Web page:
Deliberation over multifaceted governance challenges is too often reduced to arguments over ideal-type policy solutions: administrative centralization versus decentralization, government provision versus contracting out, or the pursuit of operational efficiency versus program effectiveness. Politicians and scholars alike tend to promote their preferred administrative remedy by emphasizing the faults in alternative courses of action while undervaluing the limitations of their own. The attraction of administrative panaceas is clear. Simple answers are both persuasive and comforting; they portray intractable obstacles as navigable and disguise inherent tensions as tamable (Ostrom 2007). Christopher Carrigan’s Structured to Fail? Regulatory Performance under Competing Mandates avoids the lure of overly-simple policy panaceas. Carrigan examines the argument that many regulatory failures are attributable to the fact that regulators are often saddled with multiple, often competing, objectives. For example, the assertion that the Federal Reserve’s concurrent obligations to develop monetary policy and regulate banks precipitated the 2008 global financial crisis. Consistent with the claim, he finds that “multi-purpose regulators,” or regulatory agencies charged with both regulatory and non-regulatory goals, indeed perform worse than those whose mandates are limited to regulatory functions or lack significant regulatory responsibilities altogether. Carrigan convincingly argues, however, that the finding should not be interpreted as justification for partitioning multi-purpose regulators into single-function entities. Such a reaction, he reasons, fails to recognize the ability of multi-purpose regulators to leverage intra-agency information sharing and task coordination towards the attainment of multiple desirable policy goals. Structured to Fail offers an impressive investigation into why multi-purpose regulators exist, how their performance compares to that of other administrative arrangements, and how social and political forces contribute to observed performance deficits. As with any ambitious research project, there are limitations to the analysis, particularly regarding the causal linkages between a multiple-mandate structure and performance outputs. Yet such limitations are better thought of as opportunities for future research rather than serious defects in Carrigan’s argument. The book offers a number of important insights that hold both theoretical and practical relevance, including a compelling proposition with critical salience in the contemporary political context, as addressed at the end of this review. Structured to Fail: A Synopsis The virtues of Structured to Fail extend beyond a nuanced consideration of the trade-offs made in regulatory design decisions. Carrigan leverages insights from across several literatures including regulatory design, public administration, organizational theory, policy implementation, and political control and bureaucratic autonomy. Doing so allows him to look past the question of whether multi-purpose regulators perform better or worse than their single-purpose counterparts to also consider select mechanisms through which competing mandates affect regulatory performance and the political determinants of structural choice. Furthermore, Carrigan’s analysis offers a powerful example of how a diverse methodological toolkit provides a rich empirical canvas for theoretical inquiry. Carrigan starts off the book by investigating the central question of whether multi-purpose regulators exhibit a performance deficit. Using Program Assessment Rating Tool (PART) data generated under the George W. Bush administration, quantitative analyses indicate that multi-purpose regulators indeed perform worse, on average, than single-purpose regulators and multi-purpose agencies that lack a regulatory mandate. The relationship holds up when funding is held constant as well as when potential partisan bias in PART score data is controlled for. Carrigan then extends the quantitative analysis to examine how priority goal ambiguity—the competing priorities that are introduced by multiple organizational goals—contributes to multi-purpose regulators’ comparatively low performance. Drawing on Federal Human Capital Survey data, he shows that multi-purpose regulator personnel exhibit greater ambiguity in how their work relates to their agencies’ goals and that this ambiguity explains some, but not all, of multi-purpose regulators’ relatively low performance metrics. From these statistical analyses, Carrigan moves into a historical analysis of the Minerals Management Service’s organizational and political evolution leading up to the 2010 Deepwater Horizon disaster, in which millions of barrels of oil were released into the Gulf of Mexico. He synthesizes pertinent data from a variety of sources, including congressional hearings and budget appropriations decisions, to argue that the Service’s organizational design functionally separated its regulatory and non-regulatory tasks—thereby undermining arguments that conflicting goals led to the Gulf oil spill. Instead, Carrigan highlights the political and social forces during the 1990s and 2000s that encouraged the Minerals Management Service to prioritize oil and gas development over regulation. Lax regulation by the Service was largely externally driven, Carrigan argues, rather than being the product of internal confusion or conflict. The final section of the book consists of a theoretical analysis that formally models a politician’s decision to combine regulatory and non-regulatory goals within the purview of a multi-purpose regulator, on one hand, or assign the distinct functions to separate agencies, on the other. Carrigan shows that despite their demonstrated performance deficits, the political payoffs for establishing a multi-purpose regulator are highest when the politician values the achievement of both the regulatory and non-regulatory goals in question. His analysis further suggests that multi-purpose regulators are the most appropriate structural choice when intra-organizational task implementation offers the greatest benefit—specifically, when the multiple goals to which the agency is assigned are neither tightly aligned nor in direct conflict. The resulting implication of this result reveals an inherent tension in the structure of competing mandates: the task coordination benefits of a multi-purpose agency offer the greatest promise in situations where goal ambiguity poses the highest liability to agency performance. Carrigan closes Structured to Fail by reflecting on the preceding analyses and their findings within the context of an empirical reality where regulatory failures are frequently followed by administrative restructurings. He warns that the resulting cycles of multi-purpose regulator construction and deconstruction are costly affairs, often grounded in the faulty assumption that conflicting mandates invariably lead multi-purpose regulators to lose sight of their regulatory responsibilities. As other careful considerations of regulatory design have argued (e.g., Ostrom 2007), Carrigan concludes that structural choice is a matter of trade-offs, as “[r]egardless of how the agency is designed, it may fail—just in different ways” (p. 24). Considering the Conceptual Foundations: A Critique and Opportunities The strengths of Structured to Fail far outweigh its limitations—the book offers a convincing nuanced argument on the basis of simultaneously sophisticated and diverse methods. The broad methodological and theoretical sweep of Carrigan’s approach, however, means that the analysis engages some theoretical considerations only on the margin. Combined with a devoted emphasis on higher-level structural and contextual factors, the result is an examination that at times glosses over potentially consequential conceptual underpinnings. A first limitation of the book is a sizeable conceptual and practical gap between the regulatory crises in which the structure-performance puzzle is framed and the more mundane, but perhaps more substantively consequential, construct of regulatory performance. The book begins with, and persistently returns to, some of the most notable regulatory failures in recent history—events such as the 2008 financial crisis that resulted in the Great Recession, the Deepwater Horizon incident, and the 2011 Fukushima Daiichi power plant emergency that precipitated several nuclear meltdowns. In contrast, the first third of the book defines agency performance not in connection to regulatory failures, but rather as agencies’ assigned results/performance PART scores, which reflect “program performance on goals reviewed in the strategic planning section and through other evaluations” (OMB 2003). To his credit, Carrigan recognizes the disconnect, noting that the analyses “…do not necessarily indicate whether the organizational designs of the regulators associated with the financial and environmental disasters specifically precipitated those calamities,” and contending that the link between (poor) performance and such crises is ultimately tangential to the conclusions drawn (p. 29). This unfortunately leaves it up to the reader to decide the extent to which Carrigan’s thorough study of the relationship between structure and performance extends to regulatory crises—precisely the types of regulatory failures that are most likely to capture public and political attention. A second limitation of the book is an underdeveloped conceptualization of individual decision-making and behavior, particularly as it pertains to agency personnel. As with much research that adopts a top-down perspective to examining the implementation and impacts of policy decisions, more emphasis is placed on the priorities and goals of political principals, and less attention is afforded to the bureaucrats who realize program outputs. Perhaps most notably, some public administration scholars are likely to find Carrigan’s theorizing regarding priority goal ambiguity unsatisfying, as agency personnel are characterized as largely reactive and lacking agency. To be fair, this limitation may extend from the minimal attention paid to public servants’ cognitive, emotive, and motivational processes as well as how these factors relate to organizational priorities and performance in the goal ambiguity literature more generally (e.g., Rainey and Jung 2015). Nonetheless, scholarship on stewardship and street-level leadership (Dicke 2003) as well as “guerilla” public servants (O’Leary 2006) offers a counterweight to the assumptions inherent in Carrigan’s analysis. It could be, for example, that poor performance in these agencies reflects a resistance to an agency’s goals as defined under PART measures (and their sources) in an effort to support the objectives which public servants deem best serve the public’s interest. In this case, the end result is the same from a performance-metric standpoint, but the different assumptions regarding bureaucratic motivation and behavior lead to contrary predictions when it comes to the likelihood of regulatory failures or crises. When combined, the two aforementioned limitations lead to a somewhat obscure causal story regarding how multi-purpose regulators’ competing mandates translate to performance deficits. To be clear, Carrigan identifies important external factors that increase the likelihood that a multi-purpose regulator’s regulatory function will take a back seat to its non-regulatory duties (or vice versa), including social, economic, and political forces, as well as the objectives of political principles and administrative agency heads. He also gives considerable attention to organizational design mechanisms that help mitigate the detrimental influence of multiple organizational goals. Less flushed out are the important internal causal mechanisms leading to relatively poor performance, beyond the general influence of organizational priority goal ambiguity. Carrigan correctly contends that a central strength of Structured to Fail’s analysis is that it looks across regulatory and non-regulatory agencies to “adopt a broad approach in studying regulatory agencies beset by competing goals” (p. 165), and I agree. The cost of the broader view, however, is a more comprehensive identification of the generalizable internal mechanisms whereby competing mandates manifest as declines in organizational effectiveness. Filling in these conceptual gaps will likely prove fruitful next steps for scholars pursuing the theoretical trajectory laid out in Structured to Fail. A key task in doing so will involve identifying a way to conceptualize and operationalize agency performance that splits the difference between the book’s results/performance PART measures and fine-grained historical case narrative while allowing for comparison across different empirical regulatory arenas. Future research will also benefit from leveraging regulatory literature to conceptualize, measure, and compare the activities of multi-purpose regulators. Carrigan broaches the topic when he discusses “cooperative regulation” at Minerals Management Service, but the literature offers a variety of ways to characterize regulatory behavior, from a simple deterrence-to-accommodation spectrum (e.g., Bardach and Kagan 1982) to multi-dimensional constructs (e.g., May and Burby 1998). Capitalizing on such conceptual foundations to link multi-purpose agencies’ competing goals to regulatory behaviors and these regulatory behaviors to program outcomes offers opportunities to better understand to what extent and how agency structure facilitates and impedes regulatory effectiveness. Contemporary Relevance: .The Political Perils of Multi-Purpose Regulators Because the analysis presented in Structured to Fail is appropriately nuanced, it is difficult to identify a singular lesson from the book. Indeed, such an effort is inadvisable. There are a host of important insights that the book offers, with both theoretical and practical relevance. The theoretical message that Carrigan drives home most forcefully is that focusing on structure and its relationship with agencies’ internal operations only gets one so far in understanding why multi-purpose regulators are outperformed by their single-purpose regulatory and non-regulatory multi-purpose counterparts. A wider scope is necessary, one which includes relevant social and political forces and how these forces interpret, value, and weigh the multiple mandates with which multi-purpose regulators are charged. Carrigan closes the book with a cautionary warning regarding the impulse to restructure multi-purpose regulators in response to regulatory crises. Doing so, he argues, not only imposes financial, temporal, and personnel costs but also neglects the operational advantages that a dual-mandate offers when multiple goals are desirable. Perhaps more importantly, Carrigan’s theory supports what history suggests: organizational reforms in which multi-purpose regulators are disaggregated into single-purpose entities stand a good chance of being reversed at a later date, when the effects of a crisis have faded and the desire for parallel goal achievement once again takes political and social priority. To avoid the resulting cycles of reforms and restructuring, a fuller appreciation is needed of the limitations, strengths, and underlying rationales of multiple-mandate regulatory agencies. While both of these messages are essential lessons that position Structured to Fail as an important contribution to our understanding of regulation and public administration more broadly, contemporary events highlight another critical insight raised in the conceptual analysis that comprises the book’s final analytical treatment. Carrigan points out that the competing mandates that distinguish multi-purpose regulators may make them more susceptible to political manipulation, as: …the mere presence of multiple missions introduces a lever for principals to use in shaping administrative activities which, by definition, does not exist with regulatory agencies that do not balance other missions…As a result, it might seem that agencies which combine multiple goals would be more amenable to political efforts to influence their activities (p. 246). As this review is written, a heated debate is playing out among scholars and political observers regarding the success of the Donald J. Trump administration in dismantling much of the social, environmental, and economic regulatory infrastructure that predated it. Many loudly proclaim that a wholesale repeal of crucial regulations threatens the safety and wellbeing of American citizens (e.g., Timmons 2017). Others, including respected regulatory scholars (e.g., Coglianese 2018), counter that such claims are exaggerated, in-part by citing the sheer preponderance of federal regulations against the minimal formal rule retractions that have been executed. Regardless of whether the administration’s formal efforts to deregulate constitute a significant change to US regulation, Carrigan’s proposition points to a more obscure—yet potentially no less impactful—manner in which an administration hostile to regulatory governance (for either ideological or instrumental reasons) may undermine the implementation of regulatory oversight. By leaning on a multi-purpose regulator to shift its attention and resources from its regulatory to its non-regulatory functions, political appointees may intentionally and effectively curtail the agency’s regulatory activity without necessitating formal rule changes. Carrigan has, therefore, offered a hypothesis ready for empirical inquiry, and one that regulatory scholars are well advised to take up. The contemporary political context suggests that such research stands to make theoretically meaningful and substantively crucial contributions. References Bardach , Eugene , and Robert A. Kagan . 1982 . Going by the book: The problem of regulatory unreasonableness . London : Transaction Publishers . Coglianese , Cary . 2018 . Let’s be real about Trump’s first year in regulation . Oxford Business Law Blog . https://www.law.ox.ac.uk/business-law-blog/blog/2018/02/lets-be-real-about-trumps-first-year-regulation. (accessed April 12, 2018 ). Dicke , Lisa A . 2003 . Street-level leadership in the public sector: A case study of the challenges . International Journal of Organization Theory & Behavior , 7 ( 2 ): 231 – 51 . Google Scholar CrossRef Search ADS May , Peter J. , and Raymond Burby . 1998 . Making sense of regulatory enforcement . Law & Policy , 20 : 157 – 82 . Google Scholar CrossRef Search ADS Office of Management and Budget (OMB) . 2003 . Performance and management assessments: Budget of the United States government, fiscal year 2004 . Washington, DC : Executive Office of the President . O’Leary , Rosemary . 2006 . The ethics of dissent: Managing guerrilla government . Washington, DC : CQ Press . Ostrom , Elinor . 2007 . A diagnostic approach for going beyond panaceas . Proceedings of the national Academy of sciences 104 ( 39 ): 15181 – 7 . Google Scholar CrossRef Search ADS Rainey , Hal G. , and Chan Su Jung . 2014 . A conceptual framework for analysis of goal ambiguity in public organizations. Journal of Public Administration Research and Theory, 25 (1), 71–99. Timmons , Heather . 2017 . Trump is dismantling rules and laws protecting millions of Americans. Here are the most important . Quartz [online publication]. https://qz.com/1072054/dismantling-the-rules-that-protect-americans-a-guide-to-th-trump-administrations-destruction-from-within/ (accessed April 12, 2018 ). Published by Oxford University Press on behalf of the Public Management Research Association 2018. This work is written by (a) US Government employee(s) and is in the public domain in the US.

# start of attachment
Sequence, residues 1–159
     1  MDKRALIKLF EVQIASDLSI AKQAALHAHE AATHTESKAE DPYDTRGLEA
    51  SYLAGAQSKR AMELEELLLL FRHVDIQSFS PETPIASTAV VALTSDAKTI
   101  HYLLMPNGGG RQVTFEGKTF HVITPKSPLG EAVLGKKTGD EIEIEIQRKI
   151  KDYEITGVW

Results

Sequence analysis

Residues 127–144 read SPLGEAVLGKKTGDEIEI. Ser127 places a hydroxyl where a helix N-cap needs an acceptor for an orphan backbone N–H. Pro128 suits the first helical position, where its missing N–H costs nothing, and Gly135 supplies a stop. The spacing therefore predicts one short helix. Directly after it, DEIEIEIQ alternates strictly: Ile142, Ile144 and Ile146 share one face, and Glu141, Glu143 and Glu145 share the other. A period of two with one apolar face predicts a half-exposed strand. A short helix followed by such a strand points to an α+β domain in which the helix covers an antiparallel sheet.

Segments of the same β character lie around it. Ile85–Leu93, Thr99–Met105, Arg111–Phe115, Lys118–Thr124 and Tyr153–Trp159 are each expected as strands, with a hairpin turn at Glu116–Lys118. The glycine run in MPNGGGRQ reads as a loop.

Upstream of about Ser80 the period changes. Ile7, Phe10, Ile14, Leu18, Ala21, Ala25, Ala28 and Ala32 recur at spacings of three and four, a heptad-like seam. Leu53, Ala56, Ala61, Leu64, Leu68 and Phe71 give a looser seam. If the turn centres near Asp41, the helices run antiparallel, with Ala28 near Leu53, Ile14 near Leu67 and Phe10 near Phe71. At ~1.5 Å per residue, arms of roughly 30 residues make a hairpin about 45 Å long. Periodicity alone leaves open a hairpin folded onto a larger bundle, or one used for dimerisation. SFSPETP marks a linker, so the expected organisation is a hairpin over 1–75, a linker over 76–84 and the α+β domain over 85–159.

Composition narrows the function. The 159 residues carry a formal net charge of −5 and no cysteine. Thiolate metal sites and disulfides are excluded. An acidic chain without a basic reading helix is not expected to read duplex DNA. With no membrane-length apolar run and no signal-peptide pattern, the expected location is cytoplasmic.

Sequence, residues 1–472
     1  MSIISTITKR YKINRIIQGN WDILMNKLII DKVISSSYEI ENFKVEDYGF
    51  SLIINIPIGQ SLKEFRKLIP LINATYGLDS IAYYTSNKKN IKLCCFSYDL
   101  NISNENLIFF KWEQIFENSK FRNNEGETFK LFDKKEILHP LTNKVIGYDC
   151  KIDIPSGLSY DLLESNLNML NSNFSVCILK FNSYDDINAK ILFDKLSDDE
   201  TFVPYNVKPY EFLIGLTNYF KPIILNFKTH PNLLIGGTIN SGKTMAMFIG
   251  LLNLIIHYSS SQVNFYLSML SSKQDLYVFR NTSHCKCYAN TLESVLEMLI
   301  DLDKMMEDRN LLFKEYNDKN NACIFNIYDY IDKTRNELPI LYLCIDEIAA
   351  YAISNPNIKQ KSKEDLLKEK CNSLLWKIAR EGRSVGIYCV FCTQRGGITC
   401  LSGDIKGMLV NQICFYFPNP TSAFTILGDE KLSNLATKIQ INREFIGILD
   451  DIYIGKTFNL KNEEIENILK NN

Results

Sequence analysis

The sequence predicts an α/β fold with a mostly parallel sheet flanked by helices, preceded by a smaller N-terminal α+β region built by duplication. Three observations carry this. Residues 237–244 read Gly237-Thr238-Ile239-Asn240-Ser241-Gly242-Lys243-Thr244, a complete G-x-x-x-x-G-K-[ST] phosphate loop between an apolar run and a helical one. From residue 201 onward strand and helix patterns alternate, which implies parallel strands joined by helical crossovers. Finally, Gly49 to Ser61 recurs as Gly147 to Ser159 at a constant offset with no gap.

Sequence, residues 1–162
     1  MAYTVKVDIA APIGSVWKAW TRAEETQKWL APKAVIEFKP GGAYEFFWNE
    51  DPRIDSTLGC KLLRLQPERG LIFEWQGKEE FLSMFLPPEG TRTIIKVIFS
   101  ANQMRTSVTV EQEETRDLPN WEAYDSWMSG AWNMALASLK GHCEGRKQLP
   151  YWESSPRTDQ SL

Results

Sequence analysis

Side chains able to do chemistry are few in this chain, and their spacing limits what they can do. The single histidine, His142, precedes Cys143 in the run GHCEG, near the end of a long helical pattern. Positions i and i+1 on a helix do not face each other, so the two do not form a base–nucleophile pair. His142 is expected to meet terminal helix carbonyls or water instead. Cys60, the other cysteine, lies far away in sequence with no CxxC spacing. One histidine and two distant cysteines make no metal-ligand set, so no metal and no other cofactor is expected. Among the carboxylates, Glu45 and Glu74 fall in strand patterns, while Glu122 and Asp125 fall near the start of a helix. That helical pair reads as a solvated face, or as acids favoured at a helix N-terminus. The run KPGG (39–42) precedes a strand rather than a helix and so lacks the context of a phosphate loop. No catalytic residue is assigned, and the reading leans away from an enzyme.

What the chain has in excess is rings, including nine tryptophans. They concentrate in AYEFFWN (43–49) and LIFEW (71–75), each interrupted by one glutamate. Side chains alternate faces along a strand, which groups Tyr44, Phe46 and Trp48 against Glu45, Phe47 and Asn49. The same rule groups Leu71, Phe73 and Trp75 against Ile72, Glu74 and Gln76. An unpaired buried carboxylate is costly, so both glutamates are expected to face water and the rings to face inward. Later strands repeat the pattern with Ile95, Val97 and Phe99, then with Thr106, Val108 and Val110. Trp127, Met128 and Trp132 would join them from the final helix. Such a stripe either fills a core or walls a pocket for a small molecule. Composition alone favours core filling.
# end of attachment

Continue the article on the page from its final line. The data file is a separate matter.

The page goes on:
Journal of Public Administration Research and Theory – Oxford University Press
Published: May 2, 2018